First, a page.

Child Sexual Abuse (Referrals)

– in the Scottish Parliament on 21st December 2017.

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Photo of Alexander Stewart Alexander Stewart Conservative

5. To ask the First Minister what the Scottish Government’s response is to figures from the National Society for the Prevention of Cruelty to Children Scotland, which suggest that there has been a 42 per cent increase in child sexual abuse referrals in the last year. (S5F-01853)

Photo of Nicola Sturgeon Nicola Sturgeon Scottish National Party

All children should grow up free from the risk of abuse. Those statistics highlight that there is more for all of us to do to keep our young people safe. The NSPCC indicates that the rise in referrals might reflect greater awareness of the risk posed to children and the need to take action in response. It might also be due to a greater willingness by children who have been sexually abused to tell someone what has happened to them. That suggests that victims of abuse now have greater confidence that they will be listened to and that appropriate action will be taken by agencies and professionals.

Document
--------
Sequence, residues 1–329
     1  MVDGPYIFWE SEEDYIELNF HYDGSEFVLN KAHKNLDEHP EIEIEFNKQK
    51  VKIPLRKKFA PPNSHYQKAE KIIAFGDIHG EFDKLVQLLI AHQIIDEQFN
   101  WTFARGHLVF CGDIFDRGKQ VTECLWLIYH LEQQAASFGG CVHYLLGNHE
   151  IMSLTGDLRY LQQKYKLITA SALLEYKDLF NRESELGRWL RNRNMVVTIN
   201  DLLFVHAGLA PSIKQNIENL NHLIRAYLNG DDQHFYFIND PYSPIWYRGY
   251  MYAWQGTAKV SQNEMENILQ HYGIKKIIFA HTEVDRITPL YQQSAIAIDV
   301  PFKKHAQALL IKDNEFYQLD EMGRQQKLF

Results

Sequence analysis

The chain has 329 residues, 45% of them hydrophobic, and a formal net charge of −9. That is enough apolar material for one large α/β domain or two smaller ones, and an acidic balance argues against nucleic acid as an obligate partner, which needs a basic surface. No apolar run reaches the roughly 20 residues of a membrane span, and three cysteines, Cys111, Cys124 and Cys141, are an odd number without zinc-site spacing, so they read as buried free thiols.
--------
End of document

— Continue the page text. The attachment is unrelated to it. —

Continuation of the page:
We are of course all responsible for protecting children and I urge anyone who is worried about a child perhaps being abused to report their concerns to the police.

Photo of Alexander Stewart Alexander Stewart Conservative

Research carried out by the NSPCC found that there are at least 14 local authority areas across Scotland in which there are no services for child victims of sexual abuse. As we approach the year of young people, will the First Minister commit to ensuring that all child victims of sexual abuse in Scotland will have adequate access to the specialist recovery services that they require?

The First Minister:

It is vital that all children have access to the specialist services that they require. In light of the member’s questions, I will discuss the issue further with the relevant ministers to see whether the Government should be taking more action in partnership with local authorities to improve the availability of those services.

When we see increases in statistics of this type, we can and should see it as something of concern—it is of deep concern—but we should also be aware that what often lies behind such an increase is an increase in awareness and people feeling more able to come forward. We should encourage that, but, as the member rightly said, when we encourage people to come forward, we must make sure that the services are there to support them when they do.